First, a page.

Learning How to Learn
By Seth Peery ’03
During my four years at RU, the course of my future was molded into its current state by an unparalleled combination of rigorous and diverse academic programs, engaging extracurricular activities and the deeply transformative influences of friends and faculty.
My academic program at RU was rather unconventional. I combined my computer science major from CSAT with a political science major, an economics minor and a mathematics minor. My intent at the time was to balance a technical skill set with a deeper understanding of problem domains in which information technology is applied. But from the experience of combining course work from these disciplines into a coherent academic program, I came to realize the importance of being prepared to take the initiative and find unique ways to maximize the potential of opportunities or even create new ones.
I’m currently at Virginia Tech, where I serve in a faculty position in the IT organization and am responsible for managing the university’s Enterprise GIS system. This is a system (and a job) that I designed as a graduate student when I realized that a need existed and was not being met. After developing a prototype, I pitched the idea to the university’s CIO, in a process very similar to starting a new business. I was able to create an opportunity where none had previously existed, and I credit my experience at Radford for developing the mindset that I could be a primary agent of change in my own fortunes.
A self-directed approach to academics turned out to be excellent preparation for graduate school. I’m working on a Ph.D., where I’ve used the same approach to combine course work, research methods and even committee members from a variety of disciplines, all strategically chosen to complement one another and inform my understanding of my research field. Beyond academia, the understanding that one can create opportunities by creatively recombining the assets at one’s disposal becomes a habit, and it’s a life skill that has served me well.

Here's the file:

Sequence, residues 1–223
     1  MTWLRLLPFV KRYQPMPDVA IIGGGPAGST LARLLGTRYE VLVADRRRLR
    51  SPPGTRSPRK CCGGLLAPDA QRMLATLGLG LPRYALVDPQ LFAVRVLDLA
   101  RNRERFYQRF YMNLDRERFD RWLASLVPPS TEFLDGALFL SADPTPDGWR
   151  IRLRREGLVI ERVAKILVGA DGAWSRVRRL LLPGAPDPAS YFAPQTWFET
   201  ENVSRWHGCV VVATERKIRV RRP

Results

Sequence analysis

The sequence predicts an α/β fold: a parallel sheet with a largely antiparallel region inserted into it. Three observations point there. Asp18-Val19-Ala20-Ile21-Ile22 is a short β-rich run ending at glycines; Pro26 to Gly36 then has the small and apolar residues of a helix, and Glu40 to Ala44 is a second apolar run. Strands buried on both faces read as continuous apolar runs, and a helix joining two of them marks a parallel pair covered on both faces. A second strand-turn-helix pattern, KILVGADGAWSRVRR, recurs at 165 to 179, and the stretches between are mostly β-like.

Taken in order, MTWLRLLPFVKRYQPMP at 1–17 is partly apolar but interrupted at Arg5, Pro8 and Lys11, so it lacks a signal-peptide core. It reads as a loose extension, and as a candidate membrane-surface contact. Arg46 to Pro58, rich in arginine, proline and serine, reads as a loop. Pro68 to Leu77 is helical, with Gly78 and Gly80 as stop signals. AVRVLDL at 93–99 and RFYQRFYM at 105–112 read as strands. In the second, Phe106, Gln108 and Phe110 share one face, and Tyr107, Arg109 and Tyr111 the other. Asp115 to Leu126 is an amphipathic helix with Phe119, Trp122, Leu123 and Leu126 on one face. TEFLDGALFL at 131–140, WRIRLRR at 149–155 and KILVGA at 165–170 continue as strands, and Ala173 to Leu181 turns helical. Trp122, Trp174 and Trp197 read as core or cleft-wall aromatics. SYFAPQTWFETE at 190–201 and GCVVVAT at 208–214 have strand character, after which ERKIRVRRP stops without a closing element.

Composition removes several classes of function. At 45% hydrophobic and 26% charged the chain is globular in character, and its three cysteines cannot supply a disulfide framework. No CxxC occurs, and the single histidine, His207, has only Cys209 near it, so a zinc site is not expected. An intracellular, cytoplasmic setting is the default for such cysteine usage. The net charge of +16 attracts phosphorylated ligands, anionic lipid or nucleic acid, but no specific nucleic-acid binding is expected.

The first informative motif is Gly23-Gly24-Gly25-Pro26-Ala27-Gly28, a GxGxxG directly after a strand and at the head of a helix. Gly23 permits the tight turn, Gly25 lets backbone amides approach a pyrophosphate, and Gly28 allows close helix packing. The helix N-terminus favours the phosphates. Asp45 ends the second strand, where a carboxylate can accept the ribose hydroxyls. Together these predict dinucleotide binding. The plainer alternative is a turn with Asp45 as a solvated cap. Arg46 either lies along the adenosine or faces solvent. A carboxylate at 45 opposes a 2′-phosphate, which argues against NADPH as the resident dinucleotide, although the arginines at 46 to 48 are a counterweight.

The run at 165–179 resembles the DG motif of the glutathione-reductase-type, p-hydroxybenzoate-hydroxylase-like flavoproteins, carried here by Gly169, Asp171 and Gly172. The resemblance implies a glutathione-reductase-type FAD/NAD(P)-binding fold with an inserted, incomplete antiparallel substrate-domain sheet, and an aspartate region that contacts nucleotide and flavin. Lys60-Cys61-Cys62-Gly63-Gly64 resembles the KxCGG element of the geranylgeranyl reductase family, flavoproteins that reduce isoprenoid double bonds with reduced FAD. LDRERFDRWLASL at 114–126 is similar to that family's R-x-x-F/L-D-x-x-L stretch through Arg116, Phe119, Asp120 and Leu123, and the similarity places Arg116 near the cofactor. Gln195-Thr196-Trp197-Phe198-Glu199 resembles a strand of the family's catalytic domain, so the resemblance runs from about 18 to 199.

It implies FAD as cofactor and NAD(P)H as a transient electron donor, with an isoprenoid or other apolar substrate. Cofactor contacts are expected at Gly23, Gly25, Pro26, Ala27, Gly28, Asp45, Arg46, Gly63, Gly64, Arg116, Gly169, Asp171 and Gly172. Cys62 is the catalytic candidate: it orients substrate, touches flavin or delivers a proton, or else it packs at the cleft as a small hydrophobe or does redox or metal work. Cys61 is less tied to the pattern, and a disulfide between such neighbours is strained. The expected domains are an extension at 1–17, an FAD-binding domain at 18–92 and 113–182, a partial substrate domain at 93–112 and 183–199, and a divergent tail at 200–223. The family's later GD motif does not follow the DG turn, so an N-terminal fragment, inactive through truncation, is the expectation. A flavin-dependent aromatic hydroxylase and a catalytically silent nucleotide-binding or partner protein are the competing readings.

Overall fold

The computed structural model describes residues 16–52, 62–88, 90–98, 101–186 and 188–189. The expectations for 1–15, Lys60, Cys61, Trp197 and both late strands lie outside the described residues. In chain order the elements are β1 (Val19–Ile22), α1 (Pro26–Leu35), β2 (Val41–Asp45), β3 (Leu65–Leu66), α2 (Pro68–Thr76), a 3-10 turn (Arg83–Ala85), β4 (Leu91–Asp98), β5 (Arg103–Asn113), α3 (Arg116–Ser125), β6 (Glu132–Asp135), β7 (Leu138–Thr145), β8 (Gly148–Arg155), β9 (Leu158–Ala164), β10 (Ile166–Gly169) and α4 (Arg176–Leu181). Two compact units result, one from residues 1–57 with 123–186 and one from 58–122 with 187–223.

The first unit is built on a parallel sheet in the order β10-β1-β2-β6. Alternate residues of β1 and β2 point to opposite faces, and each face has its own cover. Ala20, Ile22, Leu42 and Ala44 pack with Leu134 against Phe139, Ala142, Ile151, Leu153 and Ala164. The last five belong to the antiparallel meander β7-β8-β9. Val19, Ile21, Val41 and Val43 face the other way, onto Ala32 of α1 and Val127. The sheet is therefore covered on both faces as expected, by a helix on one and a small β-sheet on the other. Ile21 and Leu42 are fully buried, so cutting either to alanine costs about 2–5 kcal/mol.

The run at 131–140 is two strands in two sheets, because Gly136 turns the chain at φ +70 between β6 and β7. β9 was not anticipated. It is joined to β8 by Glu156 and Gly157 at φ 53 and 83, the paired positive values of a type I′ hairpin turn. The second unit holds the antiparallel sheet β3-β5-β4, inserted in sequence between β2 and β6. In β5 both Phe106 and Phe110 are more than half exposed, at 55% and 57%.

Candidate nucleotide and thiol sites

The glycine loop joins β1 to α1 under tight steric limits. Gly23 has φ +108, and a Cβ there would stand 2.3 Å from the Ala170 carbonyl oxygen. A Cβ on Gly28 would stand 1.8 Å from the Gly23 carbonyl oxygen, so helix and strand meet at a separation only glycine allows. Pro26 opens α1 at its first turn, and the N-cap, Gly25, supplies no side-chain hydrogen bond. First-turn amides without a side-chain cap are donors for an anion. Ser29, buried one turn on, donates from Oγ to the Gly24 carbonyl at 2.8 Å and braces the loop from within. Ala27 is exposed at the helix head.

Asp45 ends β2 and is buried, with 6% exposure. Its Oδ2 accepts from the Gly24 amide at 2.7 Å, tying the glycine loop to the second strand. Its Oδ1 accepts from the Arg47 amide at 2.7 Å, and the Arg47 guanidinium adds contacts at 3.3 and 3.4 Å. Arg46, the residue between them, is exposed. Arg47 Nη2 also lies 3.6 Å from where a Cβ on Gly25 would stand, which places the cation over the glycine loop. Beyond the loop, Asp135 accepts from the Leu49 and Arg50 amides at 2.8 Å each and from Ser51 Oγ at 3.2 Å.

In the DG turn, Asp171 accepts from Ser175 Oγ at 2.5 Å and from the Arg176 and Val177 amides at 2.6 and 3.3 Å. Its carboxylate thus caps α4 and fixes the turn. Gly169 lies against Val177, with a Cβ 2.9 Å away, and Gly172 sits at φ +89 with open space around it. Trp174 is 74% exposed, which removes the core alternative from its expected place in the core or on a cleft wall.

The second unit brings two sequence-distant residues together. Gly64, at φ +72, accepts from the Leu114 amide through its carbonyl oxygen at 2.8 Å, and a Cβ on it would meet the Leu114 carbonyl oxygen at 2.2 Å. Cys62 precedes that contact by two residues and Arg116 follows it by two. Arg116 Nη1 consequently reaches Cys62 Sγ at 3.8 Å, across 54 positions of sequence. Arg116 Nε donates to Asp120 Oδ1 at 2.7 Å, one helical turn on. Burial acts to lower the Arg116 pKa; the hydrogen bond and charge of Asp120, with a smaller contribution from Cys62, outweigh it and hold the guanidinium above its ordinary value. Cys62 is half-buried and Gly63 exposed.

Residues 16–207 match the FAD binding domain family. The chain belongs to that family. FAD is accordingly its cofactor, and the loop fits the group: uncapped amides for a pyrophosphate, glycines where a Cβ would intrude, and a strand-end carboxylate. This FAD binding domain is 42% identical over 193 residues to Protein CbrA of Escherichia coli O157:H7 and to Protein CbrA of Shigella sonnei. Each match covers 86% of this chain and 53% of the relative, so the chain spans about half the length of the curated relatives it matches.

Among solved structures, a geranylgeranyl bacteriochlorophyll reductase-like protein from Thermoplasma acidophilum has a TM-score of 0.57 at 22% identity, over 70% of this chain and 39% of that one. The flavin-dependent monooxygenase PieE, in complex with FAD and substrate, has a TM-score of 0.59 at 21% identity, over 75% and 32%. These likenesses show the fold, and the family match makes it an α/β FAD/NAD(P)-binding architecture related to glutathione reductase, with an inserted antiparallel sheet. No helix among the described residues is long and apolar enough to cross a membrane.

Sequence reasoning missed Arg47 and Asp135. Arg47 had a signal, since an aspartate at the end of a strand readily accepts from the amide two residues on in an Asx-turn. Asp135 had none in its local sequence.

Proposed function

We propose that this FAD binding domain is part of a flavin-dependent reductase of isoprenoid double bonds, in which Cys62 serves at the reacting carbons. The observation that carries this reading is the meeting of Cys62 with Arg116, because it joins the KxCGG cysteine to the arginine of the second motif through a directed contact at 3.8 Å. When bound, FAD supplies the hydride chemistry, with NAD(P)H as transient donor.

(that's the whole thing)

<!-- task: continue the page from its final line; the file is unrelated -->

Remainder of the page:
We live in challenging, sometimes discouraging times, and prospects for the future seem uncertain. However, as our economy changes, a premium is placed on the creation and application of new knowledge. A degree from RU, regardless of one’s major, imparts the technical tools to create this knowledge and add value to one’s world. The skills, confidence and life experiences gained through the other dimensions of the Radford experience, including participation in campus organizations, athletics, research, volunteering and many others enable us to see beyond problems, know which tool from our academic toolkit to apply in a particular situation and develop the creativity to improvise a new one as the need arises.
I fully credit my years at RU for helping me to learn how to learn—and learn how to live. I find great encouragement in the fact that my story is one of many thousands from alumni around the world who have lived the Radford experience.
Seth Peery ’03 is a senior GIS architect in the Center for Geospatial Informational Technology at Virginia Tech.